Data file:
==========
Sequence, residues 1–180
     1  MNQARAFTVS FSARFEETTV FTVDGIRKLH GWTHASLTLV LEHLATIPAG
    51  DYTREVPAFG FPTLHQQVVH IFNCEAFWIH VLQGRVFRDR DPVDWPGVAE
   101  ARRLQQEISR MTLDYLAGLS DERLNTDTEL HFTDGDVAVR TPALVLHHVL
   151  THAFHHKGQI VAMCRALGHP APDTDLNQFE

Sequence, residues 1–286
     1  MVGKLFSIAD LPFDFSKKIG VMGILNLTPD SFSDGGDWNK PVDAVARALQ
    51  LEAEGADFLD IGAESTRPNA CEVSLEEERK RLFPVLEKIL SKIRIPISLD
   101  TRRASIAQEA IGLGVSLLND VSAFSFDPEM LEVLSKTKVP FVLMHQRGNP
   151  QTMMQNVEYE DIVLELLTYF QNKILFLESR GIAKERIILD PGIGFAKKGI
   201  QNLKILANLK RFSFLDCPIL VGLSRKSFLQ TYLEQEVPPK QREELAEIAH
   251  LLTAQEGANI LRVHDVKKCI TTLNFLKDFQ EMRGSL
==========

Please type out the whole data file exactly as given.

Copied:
Sequence, residues 1–180
     1  MNQARAFTVS FSARFEETTV FTVDGIRKLH GWTHASLTLV LEHLATIPAG
    51  DYTREVPAFG FPTLHQQVVH IFNCEAFWIH VLQGRVFRDR DPVDWPGVAE
   101  ARRLQQEISR MTLDYLAGLS DERLNTDTEL HFTDGDVAVR TPALVLHHVL
   151  THAFHHKGQI VAMCRALGHP APDTDLNQFE

Sequence, residues 1–286
     1  MVGKLFSIAD LPFDFSKKIG VMGILNLTPD SFSDGGDWNK PVDAVARALQ
    51  LEAEGADFLD IGAESTRPNA CEVSLEEERK RLFPVLEKIL SKIRIPISLD
   101  TRRASIAQEA IGLGVSLLND VSAFSFDPEM LEVLSKTKVP FVLMHQRGNP
   151  QTMMQNVEYE DIVLELLTYF QNKILFLESR GIAKERIILD PGIGFAKKGI
   201  QNLKILANLK RFSFLDCPIL VGLSRKSFLQ TYLEQEVPPK QREELAEIAH
   251  LLTAQEGANI LRVHDVKKCI TTLNFLKDFQ EMRGSL